WASHINGTON, Dec. 15 (UPI) -- The U.S. Senate voted narrowly Tuesday to kill a healthcare reform amendment intended to allow Americans to buy prescription drugs from abroad.
The amendment, sponsored by Sen. Byron Dorgan, D-N.D., and Sen. Olympia Snowe, R-Maine, would have permitted U.S. consumers to purchase FDA-approved drugs from other nations that meet certain drug-safety standards. Supporters said such a measure could save Americans $80 billion over 10 years, The Washington Independent reported Tuesday.
However, the amendment was opposed by the pharmaceutical industry, which has said it would commit to about $80 billion in savings for consumers over 10 years. The Senate voted 51-48 on a measure to end a filibuster on the amendment, effectively killing it.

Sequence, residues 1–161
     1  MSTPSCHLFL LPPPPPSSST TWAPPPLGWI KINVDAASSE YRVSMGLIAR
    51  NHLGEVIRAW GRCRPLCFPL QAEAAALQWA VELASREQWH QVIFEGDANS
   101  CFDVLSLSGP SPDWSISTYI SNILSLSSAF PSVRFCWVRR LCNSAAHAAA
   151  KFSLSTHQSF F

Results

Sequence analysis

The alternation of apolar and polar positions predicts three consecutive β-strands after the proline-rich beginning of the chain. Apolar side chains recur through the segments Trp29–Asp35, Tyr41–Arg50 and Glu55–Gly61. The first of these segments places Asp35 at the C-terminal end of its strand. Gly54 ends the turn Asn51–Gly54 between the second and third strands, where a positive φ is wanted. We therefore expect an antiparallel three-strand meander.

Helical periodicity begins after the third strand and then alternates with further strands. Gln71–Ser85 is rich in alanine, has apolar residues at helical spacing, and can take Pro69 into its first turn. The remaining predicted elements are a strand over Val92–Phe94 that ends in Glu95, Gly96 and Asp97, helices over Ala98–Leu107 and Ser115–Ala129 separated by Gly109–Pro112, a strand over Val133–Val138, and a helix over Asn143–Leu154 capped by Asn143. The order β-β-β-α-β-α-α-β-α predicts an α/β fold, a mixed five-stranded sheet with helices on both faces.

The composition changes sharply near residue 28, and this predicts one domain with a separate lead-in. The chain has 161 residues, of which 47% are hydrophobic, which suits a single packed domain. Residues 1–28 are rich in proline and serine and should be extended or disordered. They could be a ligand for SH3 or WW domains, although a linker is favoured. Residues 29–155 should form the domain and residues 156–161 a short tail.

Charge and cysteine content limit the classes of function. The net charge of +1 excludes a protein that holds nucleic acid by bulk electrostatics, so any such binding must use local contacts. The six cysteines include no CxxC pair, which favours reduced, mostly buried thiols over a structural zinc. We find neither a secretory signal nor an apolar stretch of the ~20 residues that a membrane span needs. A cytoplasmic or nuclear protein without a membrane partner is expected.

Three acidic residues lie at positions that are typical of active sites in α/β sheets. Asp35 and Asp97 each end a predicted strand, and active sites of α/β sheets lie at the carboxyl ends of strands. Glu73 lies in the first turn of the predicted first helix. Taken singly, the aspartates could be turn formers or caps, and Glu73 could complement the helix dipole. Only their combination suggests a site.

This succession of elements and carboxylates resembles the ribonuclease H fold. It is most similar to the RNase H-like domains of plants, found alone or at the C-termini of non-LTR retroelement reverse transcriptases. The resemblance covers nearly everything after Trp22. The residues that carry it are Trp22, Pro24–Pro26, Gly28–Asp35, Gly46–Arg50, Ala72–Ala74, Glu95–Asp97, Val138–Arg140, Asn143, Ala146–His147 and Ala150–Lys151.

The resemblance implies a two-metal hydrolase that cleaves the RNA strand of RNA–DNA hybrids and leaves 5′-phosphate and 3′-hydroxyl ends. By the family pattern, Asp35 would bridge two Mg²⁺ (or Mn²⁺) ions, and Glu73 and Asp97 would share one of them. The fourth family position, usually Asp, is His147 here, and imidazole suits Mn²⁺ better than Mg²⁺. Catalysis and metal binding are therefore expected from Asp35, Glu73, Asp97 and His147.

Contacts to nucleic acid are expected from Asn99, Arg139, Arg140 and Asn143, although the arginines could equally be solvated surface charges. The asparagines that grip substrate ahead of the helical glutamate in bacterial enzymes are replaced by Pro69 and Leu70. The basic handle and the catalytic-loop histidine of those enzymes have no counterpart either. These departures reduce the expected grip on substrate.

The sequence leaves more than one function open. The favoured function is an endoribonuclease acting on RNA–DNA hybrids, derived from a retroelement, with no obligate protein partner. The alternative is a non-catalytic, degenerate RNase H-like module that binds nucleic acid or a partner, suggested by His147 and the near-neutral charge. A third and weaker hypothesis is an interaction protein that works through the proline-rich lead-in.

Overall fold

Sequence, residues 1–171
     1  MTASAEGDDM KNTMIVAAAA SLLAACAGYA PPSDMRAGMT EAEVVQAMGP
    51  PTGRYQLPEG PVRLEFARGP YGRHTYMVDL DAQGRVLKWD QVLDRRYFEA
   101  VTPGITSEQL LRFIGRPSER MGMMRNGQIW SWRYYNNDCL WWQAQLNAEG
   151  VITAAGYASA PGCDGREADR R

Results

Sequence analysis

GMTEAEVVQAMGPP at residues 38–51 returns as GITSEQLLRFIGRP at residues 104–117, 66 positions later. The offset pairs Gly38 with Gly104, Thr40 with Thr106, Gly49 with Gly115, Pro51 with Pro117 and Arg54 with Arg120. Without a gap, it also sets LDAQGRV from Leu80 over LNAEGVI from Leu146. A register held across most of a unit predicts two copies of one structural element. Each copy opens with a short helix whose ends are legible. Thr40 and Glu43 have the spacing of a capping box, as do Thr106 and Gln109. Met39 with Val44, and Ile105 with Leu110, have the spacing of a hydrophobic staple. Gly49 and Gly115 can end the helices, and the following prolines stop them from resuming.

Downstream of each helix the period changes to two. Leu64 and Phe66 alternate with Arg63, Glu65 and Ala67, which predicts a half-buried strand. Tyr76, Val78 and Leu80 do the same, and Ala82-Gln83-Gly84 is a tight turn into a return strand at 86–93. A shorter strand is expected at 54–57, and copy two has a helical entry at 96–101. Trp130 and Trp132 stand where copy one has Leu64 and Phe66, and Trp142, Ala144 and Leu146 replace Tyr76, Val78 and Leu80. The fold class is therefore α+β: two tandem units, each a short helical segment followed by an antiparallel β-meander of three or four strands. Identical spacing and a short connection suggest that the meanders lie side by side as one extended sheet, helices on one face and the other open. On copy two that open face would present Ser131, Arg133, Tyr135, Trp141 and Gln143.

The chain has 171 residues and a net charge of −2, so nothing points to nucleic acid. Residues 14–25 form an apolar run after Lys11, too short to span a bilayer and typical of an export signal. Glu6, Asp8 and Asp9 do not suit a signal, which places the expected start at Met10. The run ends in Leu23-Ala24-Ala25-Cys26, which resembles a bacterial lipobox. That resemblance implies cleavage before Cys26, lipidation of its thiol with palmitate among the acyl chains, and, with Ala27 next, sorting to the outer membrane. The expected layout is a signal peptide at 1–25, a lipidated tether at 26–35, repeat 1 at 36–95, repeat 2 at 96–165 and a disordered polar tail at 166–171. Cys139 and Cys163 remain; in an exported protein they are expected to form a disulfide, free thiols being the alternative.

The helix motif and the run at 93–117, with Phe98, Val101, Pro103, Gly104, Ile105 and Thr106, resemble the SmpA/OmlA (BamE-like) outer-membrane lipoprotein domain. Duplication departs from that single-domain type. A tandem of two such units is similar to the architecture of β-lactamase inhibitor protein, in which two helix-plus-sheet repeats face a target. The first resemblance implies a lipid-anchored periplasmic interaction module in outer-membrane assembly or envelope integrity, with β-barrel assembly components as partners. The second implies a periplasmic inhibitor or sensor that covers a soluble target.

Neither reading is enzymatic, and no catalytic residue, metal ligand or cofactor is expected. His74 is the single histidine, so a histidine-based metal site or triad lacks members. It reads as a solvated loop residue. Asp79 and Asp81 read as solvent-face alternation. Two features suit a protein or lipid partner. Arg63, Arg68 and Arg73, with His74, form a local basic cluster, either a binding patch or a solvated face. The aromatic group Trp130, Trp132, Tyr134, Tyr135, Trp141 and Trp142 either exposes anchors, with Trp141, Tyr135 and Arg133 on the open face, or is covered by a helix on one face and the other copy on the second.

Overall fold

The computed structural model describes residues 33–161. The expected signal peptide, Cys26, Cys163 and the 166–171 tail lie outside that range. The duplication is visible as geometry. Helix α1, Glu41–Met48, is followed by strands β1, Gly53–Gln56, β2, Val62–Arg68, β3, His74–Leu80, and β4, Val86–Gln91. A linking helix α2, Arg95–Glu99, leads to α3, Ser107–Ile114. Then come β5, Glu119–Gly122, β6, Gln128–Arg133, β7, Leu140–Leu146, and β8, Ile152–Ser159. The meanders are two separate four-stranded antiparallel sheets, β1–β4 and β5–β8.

Thirty Democrats and one Independent, Joe Lieberman of Connecticut, voted against the re-importation amendment.
The White House had urged Democrats to oppose the amendment, the newspaper said.
Republicans John McCain of Arizona and Charles Grassley of Iowa were among those supporting re-importation.
The Senate also voted Tuesday to kill a watered-down version of the amendment, the Independent reported.